With an impending fiscal cliff on the heels of a solid Republican defeat in last week’s election, one may have reasonably expected the compromising language House Speaker John Boehner (R-Ohio) offered over the last week.
“Rethinking and repositioning may well be necessary,” according to Cato Institute’s Michael Tanner, but he finds what House Speaker John Boehner has done nearly unforgivable.
The day after the election, Boehner said, referring to the election results, “That is the will of the people. And we answer to them.”
“For purposes of forging a bipartisan agreement that begins to solve the problem, we’re willing to accept new revenue, under the right conditions,” he said.
But Tanner thinks Boehner’s willingness to work with President Obama and Democrats has weakened his bargaining power. “[W]hat else does he have left to trade?” asks Tanner.
Boehner’s willingness to give in so easily on revenues makes it less likely that there will be real spending cuts as part of any deal. We’re likely to get more of the sort of smoke-and-mirrors measures that the president has already proposed, such as reliance on phantom savings from ending the wars in Iraq and Afghanistan, double-counting cuts that were already included in last year’s budget agreement, and the perennial promises to eliminate “fraud, waste, and abuse.” Just look at how illusory the alleged spending cuts in last year’s debt-ceiling deal turned out to be: In the twelve months following that deal, federal spending actually increased by 3.6 percent, an average of $11 billion more every month.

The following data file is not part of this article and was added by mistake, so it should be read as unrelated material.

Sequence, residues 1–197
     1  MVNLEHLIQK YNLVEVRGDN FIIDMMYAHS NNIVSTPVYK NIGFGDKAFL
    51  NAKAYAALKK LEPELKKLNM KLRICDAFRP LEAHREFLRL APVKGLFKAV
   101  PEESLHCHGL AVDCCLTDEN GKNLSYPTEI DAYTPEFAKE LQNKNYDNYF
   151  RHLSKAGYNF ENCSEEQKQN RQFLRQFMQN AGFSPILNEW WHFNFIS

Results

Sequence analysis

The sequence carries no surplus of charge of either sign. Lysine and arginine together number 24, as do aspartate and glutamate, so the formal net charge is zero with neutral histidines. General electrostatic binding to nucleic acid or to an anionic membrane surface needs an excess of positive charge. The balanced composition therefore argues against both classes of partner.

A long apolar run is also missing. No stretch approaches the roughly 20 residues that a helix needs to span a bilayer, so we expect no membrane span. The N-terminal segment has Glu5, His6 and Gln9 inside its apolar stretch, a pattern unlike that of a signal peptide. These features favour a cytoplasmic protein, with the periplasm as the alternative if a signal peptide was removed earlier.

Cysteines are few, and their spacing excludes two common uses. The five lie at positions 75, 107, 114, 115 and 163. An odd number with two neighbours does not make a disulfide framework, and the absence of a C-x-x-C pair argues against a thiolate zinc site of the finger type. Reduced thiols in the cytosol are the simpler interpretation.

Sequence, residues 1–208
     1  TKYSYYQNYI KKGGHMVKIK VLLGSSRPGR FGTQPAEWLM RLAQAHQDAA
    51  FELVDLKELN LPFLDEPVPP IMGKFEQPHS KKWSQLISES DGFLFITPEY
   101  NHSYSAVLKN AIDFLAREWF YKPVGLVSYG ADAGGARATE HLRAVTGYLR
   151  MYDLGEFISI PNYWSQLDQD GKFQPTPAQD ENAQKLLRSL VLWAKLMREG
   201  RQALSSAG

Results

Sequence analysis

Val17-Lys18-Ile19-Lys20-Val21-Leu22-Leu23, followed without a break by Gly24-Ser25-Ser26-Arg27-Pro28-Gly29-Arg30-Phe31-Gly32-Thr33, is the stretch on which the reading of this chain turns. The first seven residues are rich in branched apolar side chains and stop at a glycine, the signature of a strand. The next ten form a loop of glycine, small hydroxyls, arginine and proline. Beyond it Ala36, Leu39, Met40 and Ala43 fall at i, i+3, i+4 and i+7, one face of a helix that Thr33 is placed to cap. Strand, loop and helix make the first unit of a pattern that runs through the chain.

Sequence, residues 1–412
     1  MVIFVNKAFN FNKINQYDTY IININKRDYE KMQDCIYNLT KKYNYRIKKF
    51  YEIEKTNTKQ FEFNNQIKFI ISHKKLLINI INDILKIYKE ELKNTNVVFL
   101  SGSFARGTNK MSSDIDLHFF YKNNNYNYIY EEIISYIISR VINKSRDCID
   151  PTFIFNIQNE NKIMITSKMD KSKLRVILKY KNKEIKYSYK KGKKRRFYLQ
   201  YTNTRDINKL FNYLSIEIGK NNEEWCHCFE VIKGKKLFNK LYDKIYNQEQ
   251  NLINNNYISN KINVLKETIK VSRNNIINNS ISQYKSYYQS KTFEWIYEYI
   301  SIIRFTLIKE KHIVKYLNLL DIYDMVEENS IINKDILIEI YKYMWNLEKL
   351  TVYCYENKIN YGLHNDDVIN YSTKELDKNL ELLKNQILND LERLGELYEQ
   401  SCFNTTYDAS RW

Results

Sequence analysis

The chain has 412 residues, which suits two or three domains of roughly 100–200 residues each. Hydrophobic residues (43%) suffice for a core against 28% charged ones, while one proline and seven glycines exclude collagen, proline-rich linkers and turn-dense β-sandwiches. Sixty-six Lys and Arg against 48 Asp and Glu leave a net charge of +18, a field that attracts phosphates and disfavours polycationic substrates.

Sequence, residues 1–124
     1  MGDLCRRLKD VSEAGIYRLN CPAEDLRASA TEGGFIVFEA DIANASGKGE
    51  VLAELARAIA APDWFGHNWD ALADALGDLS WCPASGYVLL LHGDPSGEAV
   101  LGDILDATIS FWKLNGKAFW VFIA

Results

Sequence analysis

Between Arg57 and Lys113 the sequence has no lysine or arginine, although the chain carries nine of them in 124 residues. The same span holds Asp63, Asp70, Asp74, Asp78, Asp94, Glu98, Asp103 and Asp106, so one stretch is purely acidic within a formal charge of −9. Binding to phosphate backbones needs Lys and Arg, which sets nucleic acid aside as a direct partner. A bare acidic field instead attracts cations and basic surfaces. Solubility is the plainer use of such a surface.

At a minimum, Speaker Boehner seems to have given up any leverage that he might have had to demand the entitlement reforms necessary for any long-term spending restraint. Having conceded on taxes, what does he have left to trade?
But it’s not just the economy.
Following the election, in an ABC interview with Diane Sawyer, Boehner said, “It’s pretty clear that the president was reelected,” adding “Obamacare is the law of the land.”